In addition, some utilities bill their customers according to a time-of-use rate system. Under this system, customers are billed at a higher rate during certain times of the day, such as during the sunniest daytime hours of summer when air conditioners are working at their peak. If this is the case with your utility, you may be able to trade your excess energy to the utility at these same rates. You can therefore benefit from the fact that your solar electric modules produce the most power during those sunny summer days. When you need power from the utility during the off-peak periods, such as in the evening, the rate is usually lower.

If you choose to have a grid-connected solar electric system, and your system produces enough energy in any given month so that you do not have to draw from the grid, you may still receive a small monthly bill. This is because many utilities charge monthly fees for meter reading. Again, check with your local utility.

Connecting to the grid

One of the most important steps in purchasing a grid-connected solar electric system is choosing a provider with experience. A good provider will also have a properly licensed electrical contractor, have enough years of experience to have demonstrated an ability to work with customers, and be able to compete effectively with other firms.

A good provider should be familiar with your local utility’s regulations on interconnection requirements. If your provider is not familiar with these requirements, check with your local utility, state energy office, or state or local Public Utility Commission for details.

Your solar electric provider should supply you with everything you need to run your system, including a specific type of inverter for grid-connected systems, batteries (if you want backup power), and a special electric meter. As mentioned already, some utilities require you to have one electric meter that runs both forward and backward. Other utilities require two separate meters: one for incoming power you receive, and one for power you generate that goes back into the system. These meters are sometimes paid for by the utility, but may be part of your provider’s price for the system.

As part of the installation of your solar electric system, you will need to sign an interconnection agreement with the utility company. Your solar electric provider may be able to handle the negotiations and paperwork with the utility, but this contractual agreement is between you and your local utility. Be sure to read the fine print in this agreement, which may differ considerably from one utility to another. It could range from a short one-page statement to a lengthy booklet. In either case, the fine print may contain references to liability issues that you will want to fully understand before signing the contract.

Also, be sure to speak with your homeowner’s insurance provider, because the solar electric system itself will need to be added to your policy. In many cases, you may have to add a rider to your policy for the grid-connected system.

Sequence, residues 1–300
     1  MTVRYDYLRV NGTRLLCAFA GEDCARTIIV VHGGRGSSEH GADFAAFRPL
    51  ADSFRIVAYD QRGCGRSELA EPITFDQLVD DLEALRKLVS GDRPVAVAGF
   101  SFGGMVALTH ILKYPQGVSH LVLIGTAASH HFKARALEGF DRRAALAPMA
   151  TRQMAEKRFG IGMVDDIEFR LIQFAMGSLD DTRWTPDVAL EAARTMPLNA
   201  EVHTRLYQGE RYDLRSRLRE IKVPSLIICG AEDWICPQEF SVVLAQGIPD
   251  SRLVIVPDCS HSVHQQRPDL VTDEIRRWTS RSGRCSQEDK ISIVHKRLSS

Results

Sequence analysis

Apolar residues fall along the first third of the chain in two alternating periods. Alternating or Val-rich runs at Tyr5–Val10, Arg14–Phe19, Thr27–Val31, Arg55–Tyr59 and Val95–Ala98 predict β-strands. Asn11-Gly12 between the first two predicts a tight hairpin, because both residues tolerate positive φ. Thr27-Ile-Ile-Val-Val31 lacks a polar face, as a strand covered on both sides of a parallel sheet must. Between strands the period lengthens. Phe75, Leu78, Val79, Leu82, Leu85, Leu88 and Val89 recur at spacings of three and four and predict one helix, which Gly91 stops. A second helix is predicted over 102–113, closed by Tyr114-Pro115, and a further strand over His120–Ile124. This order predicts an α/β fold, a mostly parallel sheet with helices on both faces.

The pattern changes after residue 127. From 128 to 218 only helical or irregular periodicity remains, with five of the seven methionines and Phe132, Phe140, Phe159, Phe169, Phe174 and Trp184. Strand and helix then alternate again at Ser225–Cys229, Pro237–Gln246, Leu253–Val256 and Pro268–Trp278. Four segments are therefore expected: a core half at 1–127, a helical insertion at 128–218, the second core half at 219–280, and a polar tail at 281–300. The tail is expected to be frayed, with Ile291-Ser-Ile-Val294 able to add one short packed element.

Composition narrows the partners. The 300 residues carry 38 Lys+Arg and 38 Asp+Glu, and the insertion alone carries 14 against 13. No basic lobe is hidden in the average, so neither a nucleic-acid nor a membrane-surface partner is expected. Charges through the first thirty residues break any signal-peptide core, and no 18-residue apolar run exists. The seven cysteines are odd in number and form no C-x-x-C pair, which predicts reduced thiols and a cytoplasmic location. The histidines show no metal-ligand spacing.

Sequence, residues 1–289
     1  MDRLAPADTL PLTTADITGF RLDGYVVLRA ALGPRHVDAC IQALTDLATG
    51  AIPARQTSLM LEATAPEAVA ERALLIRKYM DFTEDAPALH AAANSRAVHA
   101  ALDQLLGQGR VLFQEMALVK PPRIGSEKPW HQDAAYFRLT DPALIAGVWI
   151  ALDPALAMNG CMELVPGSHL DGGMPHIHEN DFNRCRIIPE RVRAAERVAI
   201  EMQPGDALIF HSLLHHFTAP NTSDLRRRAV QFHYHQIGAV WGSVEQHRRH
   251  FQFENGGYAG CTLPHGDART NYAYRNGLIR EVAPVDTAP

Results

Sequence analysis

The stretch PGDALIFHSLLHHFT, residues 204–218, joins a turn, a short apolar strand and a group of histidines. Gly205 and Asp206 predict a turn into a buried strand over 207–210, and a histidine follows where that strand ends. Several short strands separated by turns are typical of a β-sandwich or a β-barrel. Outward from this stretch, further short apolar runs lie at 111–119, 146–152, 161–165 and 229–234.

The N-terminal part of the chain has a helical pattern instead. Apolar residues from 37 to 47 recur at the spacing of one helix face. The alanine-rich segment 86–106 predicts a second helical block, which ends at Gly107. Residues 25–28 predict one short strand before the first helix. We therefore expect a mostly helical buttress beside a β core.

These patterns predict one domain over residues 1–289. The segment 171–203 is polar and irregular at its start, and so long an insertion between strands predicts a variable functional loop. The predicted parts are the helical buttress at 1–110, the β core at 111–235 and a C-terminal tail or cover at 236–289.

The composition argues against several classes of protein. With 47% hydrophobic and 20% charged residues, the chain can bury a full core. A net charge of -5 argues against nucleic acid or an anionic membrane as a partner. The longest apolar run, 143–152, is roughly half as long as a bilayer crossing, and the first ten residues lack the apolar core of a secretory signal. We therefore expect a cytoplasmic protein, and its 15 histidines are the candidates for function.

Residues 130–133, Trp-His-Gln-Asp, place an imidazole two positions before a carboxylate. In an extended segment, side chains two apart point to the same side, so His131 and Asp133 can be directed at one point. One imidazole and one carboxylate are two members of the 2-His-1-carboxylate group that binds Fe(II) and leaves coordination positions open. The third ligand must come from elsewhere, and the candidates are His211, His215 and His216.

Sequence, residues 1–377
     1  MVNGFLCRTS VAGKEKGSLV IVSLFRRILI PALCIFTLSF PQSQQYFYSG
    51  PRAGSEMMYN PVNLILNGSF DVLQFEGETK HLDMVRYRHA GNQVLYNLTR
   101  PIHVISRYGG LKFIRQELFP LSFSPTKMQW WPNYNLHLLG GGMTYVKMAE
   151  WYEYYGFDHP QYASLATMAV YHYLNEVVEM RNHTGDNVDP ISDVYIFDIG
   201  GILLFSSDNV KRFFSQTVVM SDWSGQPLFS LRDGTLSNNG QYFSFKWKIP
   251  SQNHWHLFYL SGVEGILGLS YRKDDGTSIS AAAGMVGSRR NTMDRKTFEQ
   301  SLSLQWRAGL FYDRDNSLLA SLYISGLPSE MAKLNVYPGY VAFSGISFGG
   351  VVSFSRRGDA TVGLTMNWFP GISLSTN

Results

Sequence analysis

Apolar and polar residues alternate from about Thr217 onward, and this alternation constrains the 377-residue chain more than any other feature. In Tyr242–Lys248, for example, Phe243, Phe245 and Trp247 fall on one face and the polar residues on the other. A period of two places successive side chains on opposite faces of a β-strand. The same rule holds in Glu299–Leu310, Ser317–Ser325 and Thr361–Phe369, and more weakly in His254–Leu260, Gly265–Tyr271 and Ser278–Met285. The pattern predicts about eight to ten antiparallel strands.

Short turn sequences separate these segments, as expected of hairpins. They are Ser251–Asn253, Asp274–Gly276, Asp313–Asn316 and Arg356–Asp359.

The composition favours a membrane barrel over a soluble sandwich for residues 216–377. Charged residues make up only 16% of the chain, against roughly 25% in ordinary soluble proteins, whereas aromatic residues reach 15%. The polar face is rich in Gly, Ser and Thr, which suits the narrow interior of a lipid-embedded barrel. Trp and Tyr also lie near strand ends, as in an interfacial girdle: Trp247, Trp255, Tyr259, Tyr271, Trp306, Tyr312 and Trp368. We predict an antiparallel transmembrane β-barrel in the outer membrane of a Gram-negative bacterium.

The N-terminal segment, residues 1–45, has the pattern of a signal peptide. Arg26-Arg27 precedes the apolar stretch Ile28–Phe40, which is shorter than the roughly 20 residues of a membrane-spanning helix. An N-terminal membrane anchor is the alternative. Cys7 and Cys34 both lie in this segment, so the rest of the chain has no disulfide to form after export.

More information

Contact your local utility for more information about its particular practices. The general customer service representatives may not be familiar with net metering, so several phone calls may be necessary to find the correct contact person. Your solar electric provider should also have more information.

To learn about local incentives in your area, go to the national Database of State Incentives for Renewable Energy (www. dsireusa.org). This Web site also includes rules, regulations, and policies for many areas across the nation.

* * * * * * * * * * * *

Module 2: Heat Your Water with the Sun

Would you like to learn more about how the sun can help meet your home’s heating needs without straining your budget?

Today’s solar heating systems not only keep swimming pools warm — they can also heat much of your home’s water and interior space. Their popularity is increasing, for several reasons. Solar heating systems are reliable, adaptable, and pollution-free because they use renewable energy from the sun. Many systems include sleek, attractive, low-relief collectors that people often mistake for skylights.

Did you know that solar heating systems work well in many different climates? Some applications, such as pool heating, are widely cost-effective today. The cost-effectiveness of other applications depends on specific circumstances, such as the type and cost of your usual source of energy. Today, special financing is available to help you purchase the system that’s right for your home.

If you’d like to find out more about solar heating for your home or pool, this booklet is a good place to start. Here, you’ll learn how solar heating systems work, how they’re used, their benefits, and how to purchase one yourself. Please note, however, that this booklet isn’t a technical guide to designing and installing a system. For that, you’ll need to consult an experienced solar heating contractor; see Getting help in this booklet for more information.

A solar heating system